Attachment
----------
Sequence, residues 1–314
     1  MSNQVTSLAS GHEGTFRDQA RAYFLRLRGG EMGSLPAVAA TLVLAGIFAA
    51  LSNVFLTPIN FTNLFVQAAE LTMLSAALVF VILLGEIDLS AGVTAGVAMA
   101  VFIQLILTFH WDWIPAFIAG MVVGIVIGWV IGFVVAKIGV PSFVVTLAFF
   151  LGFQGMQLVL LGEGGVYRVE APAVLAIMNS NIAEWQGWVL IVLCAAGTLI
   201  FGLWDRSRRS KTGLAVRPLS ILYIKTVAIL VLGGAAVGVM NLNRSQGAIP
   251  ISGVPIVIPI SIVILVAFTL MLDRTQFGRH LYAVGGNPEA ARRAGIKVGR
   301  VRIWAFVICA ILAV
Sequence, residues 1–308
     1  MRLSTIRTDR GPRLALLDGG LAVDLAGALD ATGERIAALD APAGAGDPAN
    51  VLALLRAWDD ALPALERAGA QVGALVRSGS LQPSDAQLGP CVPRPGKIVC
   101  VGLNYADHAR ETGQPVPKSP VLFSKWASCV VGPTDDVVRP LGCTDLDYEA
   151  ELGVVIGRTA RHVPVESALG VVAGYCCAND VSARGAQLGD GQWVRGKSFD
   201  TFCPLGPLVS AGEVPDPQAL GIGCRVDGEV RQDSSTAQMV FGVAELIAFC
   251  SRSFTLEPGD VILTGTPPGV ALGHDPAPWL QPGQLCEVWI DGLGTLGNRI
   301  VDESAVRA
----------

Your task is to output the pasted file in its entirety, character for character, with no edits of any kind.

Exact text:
Sequence, residues 1–314
     1  MSNQVTSLAS GHEGTFRDQA RAYFLRLRGG EMGSLPAVAA TLVLAGIFAA
    51  LSNVFLTPIN FTNLFVQAAE LTMLSAALVF VILLGEIDLS AGVTAGVAMA
   101  VFIQLILTFH WDWIPAFIAG MVVGIVIGWV IGFVVAKIGV PSFVVTLAFF
   151  LGFQGMQLVL LGEGGVYRVE APAVLAIMNS NIAEWQGWVL IVLCAAGTLI
   201  FGLWDRSRRS KTGLAVRPLS ILYIKTVAIL VLGGAAVGVM NLNRSQGAIP
   251  ISGVPIVIPI SIVILVAFTL MLDRTQFGRH LYAVGGNPEA ARRAGIKVGR
   301  VRIWAFVICA ILAV
Sequence, residues 1–308
     1  MRLSTIRTDR GPRLALLDGG LAVDLAGALD ATGERIAALD APAGAGDPAN
    51  VLALLRAWDD ALPALERAGA QVGALVRSGS LQPSDAQLGP CVPRPGKIVC
   101  VGLNYADHAR ETGQPVPKSP VLFSKWASCV VGPTDDVVRP LGCTDLDYEA
   151  ELGVVIGRTA RHVPVESALG VVAGYCCAND VSARGAQLGD GQWVRGKSFD
   201  TFCPLGPLVS AGEVPDPQAL GIGCRVDGEV RQDSSTAQMV FGVAELIAFC
   251  SRSFTLEPGD VILTGTPPGV ALGHDPAPWL QPGQLCEVWI DGLGTLGNRI
   301  VDESAVRA